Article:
Here was my problem: I thought I had out-smarted security – I had not. To rub this obvious truth in even more, a friend co-worker who sold paintings at a gallery onboard warned me not a week earlier: “Be careful: they have their eyes on you.” I scoffed at the thought. Around midnight, the time I usually wrapped up my show, I met her at the ship’s nightclub. We drank. We danced. We left about 2am and hurried back to her door. I had been here many times before; “Should I or shouldn’t I?” were always the thoughts that repeated through my mind. On one hand, I’m sacrificing my job and career (and an exciting one full of future possibilities at that!) On the other hand, this chick is hot and horny and that’s also, in it’s own way, full of future possibilities. Many times in the previous few months I had turned this enticing offer down; this time I overruled my silly worries, and discreetly stepped into her room…
     Fast forward to getting a glorious BJ on the deck off her room, under a full moon, the night sea breeze filling my nostrils full of optimism…then a loud knock at the door. Security: “We know you’re in there and we’re coming in.” Me: (Thinking) “I could totally Spiderman down the side of the ship onto the balcony below and not get caught…” The gig was up – I was caught. Now, the thing is I was friends with these security guys – really nice dudes from India who I said hi to and conversed with daily – so it felt surreal as they handcuffed me and led me into a small, windowless room to interrogate me. I was forced into admitting my actions (and a couple others) and writing an apology, promising that I would never commit such an unspeakable atrocity again. (The rules are in place to prevent the cruise line from being sued by guests. Think “unwanted pregnancy” or “mysterious std”.) I was then freed to go with the ominous warning: “One day you may hear a knock at five o’clock in the morning.” So it was true….
     Four days past without incident; I thought I was in the clear! Day 5: Port stop, Miami. 5am: Knock at the door. I thought I was dreaming. An officer standing at the door; it was told to pack my bags. I was escorted off the ship by the sympathetic officer. It was like doing the ultimate “walk of shame” in front of my fellow shipmates whom I had become close with over the six months I had been aboard. I was met by a local Miami officer – a pleasant, religious woman who gave me sound advice on the way to the airport (something about not drinking too much) and waited with me until my plane home arrived. I learned an important lesson that day: The “Five O’clock Knock” is a real thing.
-Written by Cameron Brtnik
cambrtnik.wordpress.com 

Travelogue: Penghu – Taiwan’s Beautiful and Boring Island

Penghu

Penghu

Taiwan’s Beautiful and Boring Island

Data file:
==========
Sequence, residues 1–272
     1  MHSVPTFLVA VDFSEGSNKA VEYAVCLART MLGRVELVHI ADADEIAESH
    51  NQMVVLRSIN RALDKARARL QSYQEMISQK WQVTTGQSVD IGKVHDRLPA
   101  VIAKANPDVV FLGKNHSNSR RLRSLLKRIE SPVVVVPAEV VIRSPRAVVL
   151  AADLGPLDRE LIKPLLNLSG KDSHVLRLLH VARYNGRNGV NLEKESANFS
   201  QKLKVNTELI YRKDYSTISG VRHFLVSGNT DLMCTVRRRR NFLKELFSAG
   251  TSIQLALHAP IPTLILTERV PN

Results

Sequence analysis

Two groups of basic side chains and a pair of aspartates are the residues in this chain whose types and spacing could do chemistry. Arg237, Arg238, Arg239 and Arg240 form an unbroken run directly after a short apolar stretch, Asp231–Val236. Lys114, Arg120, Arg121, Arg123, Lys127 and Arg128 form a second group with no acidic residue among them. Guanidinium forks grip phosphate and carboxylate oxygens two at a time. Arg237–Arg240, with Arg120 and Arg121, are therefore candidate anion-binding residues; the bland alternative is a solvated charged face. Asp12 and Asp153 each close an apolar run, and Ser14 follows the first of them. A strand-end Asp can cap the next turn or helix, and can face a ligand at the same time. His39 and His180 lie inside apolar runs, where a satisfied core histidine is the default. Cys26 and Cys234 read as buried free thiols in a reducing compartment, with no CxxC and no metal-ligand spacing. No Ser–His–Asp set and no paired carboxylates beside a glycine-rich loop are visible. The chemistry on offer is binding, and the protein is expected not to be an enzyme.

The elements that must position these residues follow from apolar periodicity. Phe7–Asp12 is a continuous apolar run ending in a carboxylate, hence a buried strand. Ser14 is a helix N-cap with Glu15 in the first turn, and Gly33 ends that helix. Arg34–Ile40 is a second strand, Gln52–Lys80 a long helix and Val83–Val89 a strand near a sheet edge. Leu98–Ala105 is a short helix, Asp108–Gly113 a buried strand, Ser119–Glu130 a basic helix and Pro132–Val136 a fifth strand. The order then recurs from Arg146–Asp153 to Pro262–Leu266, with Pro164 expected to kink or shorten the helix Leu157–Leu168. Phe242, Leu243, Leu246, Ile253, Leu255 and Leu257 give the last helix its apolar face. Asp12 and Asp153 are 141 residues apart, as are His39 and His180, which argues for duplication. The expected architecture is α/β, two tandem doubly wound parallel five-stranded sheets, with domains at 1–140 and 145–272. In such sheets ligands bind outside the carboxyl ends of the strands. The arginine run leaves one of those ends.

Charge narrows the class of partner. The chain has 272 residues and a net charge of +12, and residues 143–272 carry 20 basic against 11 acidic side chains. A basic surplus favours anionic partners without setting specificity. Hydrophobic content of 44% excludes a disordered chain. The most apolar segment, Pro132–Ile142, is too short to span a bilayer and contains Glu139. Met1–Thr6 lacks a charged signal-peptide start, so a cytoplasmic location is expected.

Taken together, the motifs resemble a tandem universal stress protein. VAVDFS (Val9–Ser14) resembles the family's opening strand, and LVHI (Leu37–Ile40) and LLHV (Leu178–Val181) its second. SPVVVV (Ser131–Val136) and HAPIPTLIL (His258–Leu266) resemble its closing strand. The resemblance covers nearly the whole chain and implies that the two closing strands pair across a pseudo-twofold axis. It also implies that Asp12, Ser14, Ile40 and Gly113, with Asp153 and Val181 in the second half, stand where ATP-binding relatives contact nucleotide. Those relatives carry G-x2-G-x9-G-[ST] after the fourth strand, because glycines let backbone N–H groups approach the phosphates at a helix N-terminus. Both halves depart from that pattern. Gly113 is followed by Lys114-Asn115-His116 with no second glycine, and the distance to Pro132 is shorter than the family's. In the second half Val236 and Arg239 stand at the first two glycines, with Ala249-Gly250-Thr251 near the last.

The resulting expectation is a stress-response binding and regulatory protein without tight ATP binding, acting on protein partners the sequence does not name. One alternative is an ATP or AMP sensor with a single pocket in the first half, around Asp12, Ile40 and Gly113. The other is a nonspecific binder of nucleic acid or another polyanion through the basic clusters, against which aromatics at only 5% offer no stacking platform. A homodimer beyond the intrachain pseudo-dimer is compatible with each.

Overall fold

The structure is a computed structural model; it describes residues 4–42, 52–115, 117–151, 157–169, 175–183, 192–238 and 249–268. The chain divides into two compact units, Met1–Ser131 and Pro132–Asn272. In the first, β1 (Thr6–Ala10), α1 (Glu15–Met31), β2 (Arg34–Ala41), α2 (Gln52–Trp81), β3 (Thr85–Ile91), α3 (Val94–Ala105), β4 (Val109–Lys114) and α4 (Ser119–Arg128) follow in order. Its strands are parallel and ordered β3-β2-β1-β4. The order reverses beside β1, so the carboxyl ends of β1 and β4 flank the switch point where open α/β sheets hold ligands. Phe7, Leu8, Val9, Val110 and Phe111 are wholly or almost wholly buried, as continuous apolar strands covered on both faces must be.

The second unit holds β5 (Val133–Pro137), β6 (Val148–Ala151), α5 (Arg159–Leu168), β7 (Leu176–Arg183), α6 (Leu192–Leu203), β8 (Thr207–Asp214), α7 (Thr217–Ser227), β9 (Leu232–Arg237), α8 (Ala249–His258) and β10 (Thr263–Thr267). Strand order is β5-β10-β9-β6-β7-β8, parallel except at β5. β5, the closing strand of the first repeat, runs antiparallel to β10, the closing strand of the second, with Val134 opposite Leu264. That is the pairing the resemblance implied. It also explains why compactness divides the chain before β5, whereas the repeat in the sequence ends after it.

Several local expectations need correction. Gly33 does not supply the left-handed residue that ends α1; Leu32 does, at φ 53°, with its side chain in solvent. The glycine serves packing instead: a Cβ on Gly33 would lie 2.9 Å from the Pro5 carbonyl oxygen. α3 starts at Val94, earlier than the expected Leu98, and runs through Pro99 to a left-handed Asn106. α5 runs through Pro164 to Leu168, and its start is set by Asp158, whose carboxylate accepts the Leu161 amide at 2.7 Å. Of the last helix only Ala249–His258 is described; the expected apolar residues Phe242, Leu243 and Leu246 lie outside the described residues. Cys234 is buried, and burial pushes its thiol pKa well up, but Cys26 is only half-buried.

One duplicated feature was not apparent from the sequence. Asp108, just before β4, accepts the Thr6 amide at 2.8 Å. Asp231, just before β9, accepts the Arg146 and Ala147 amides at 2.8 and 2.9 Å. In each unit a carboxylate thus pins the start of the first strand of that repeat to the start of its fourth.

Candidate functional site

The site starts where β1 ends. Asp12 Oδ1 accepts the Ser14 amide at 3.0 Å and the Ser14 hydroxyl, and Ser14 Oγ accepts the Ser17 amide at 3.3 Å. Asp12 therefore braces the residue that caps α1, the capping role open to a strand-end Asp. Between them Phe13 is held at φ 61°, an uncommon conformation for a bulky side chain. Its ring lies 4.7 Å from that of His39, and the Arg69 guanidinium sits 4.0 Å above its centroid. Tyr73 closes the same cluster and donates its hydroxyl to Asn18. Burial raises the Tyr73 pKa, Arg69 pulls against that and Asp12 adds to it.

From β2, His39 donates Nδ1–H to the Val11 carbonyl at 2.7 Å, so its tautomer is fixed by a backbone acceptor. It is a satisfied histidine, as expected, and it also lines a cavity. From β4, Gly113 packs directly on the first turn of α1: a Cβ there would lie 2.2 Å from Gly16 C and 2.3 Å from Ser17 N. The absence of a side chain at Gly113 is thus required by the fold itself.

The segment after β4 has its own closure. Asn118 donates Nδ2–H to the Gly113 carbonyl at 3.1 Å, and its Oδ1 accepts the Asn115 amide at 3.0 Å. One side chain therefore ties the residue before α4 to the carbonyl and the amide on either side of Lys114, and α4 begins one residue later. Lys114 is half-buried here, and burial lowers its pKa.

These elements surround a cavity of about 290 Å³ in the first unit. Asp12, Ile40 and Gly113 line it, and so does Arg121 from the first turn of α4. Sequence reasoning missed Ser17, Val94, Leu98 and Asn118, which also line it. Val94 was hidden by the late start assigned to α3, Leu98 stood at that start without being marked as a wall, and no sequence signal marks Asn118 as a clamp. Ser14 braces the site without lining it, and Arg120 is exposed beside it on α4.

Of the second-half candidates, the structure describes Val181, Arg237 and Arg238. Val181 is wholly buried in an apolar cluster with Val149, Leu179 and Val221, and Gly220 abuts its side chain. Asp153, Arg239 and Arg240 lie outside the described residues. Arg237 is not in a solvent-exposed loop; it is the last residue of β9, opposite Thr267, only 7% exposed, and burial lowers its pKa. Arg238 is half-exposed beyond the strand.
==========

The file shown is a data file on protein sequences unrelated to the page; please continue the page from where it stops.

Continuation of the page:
by Cameron Brtnik

Penghu, September 8, 2014 – My thirty-third birthday. I’m currently sitting seaside at a port in a small city on a tiny island off the coast of Taiwan, enjoying a glass of “The distinctive flavor lager beer,” also known as Taiwan Beer, and gorging on delicious freshly caught oysters and imported salmon. I feel at peace.

    I needed a vacation – Not from work overload, but because in the three years I’ve been living in Taiwan, I’ve never left the island (except for my trip back home to Canada). So I decided to take a trip, alone, to a pretty neighboring island to the west of Taiwan called Penghu (actually a cluster of islets). Warning: This is a couples’ trip, so only go alone if you want to experience cabin fever…without the cabin. Albeit a beautiful island, there’s not much to do besides visit the gorgeous local beaches – I suppose everything’s “local” in Penghu – to surf, dive, or (like me) finally get through that worn paperback you’ve been schlepping around everywhere. And that’s about it. “No matter, I’ll meet people!” I thought. Unfortunately, I came to this isle toward the end of the Moon Festival holiday when people were already returning home. Oh, not to mention the plane crash that killed 48 people (including two foreign exchange students from France) just two weeks prior to my arrival. That never helps an already flailing tourism industry.

    Undeterred (I had caught wind of this news the night before, but I was drunk enough at the time that I accepted my destined, likely watery fate), I took the first flight out of Taipei – which, by the way, I caught the same night of my birthday celebrations, or should I say following morning after leaving Halo, the club we were partying at, bottle service in tow – still inebriated, but somehow functional. I had smartly packed that evening and took my luggage straight to the nightclub. The plane ride was short, just an hour, and I felt safe (which I can’t say for those unfortunate souls who got caught in the typhoon), perhaps because I was passed out the whole way.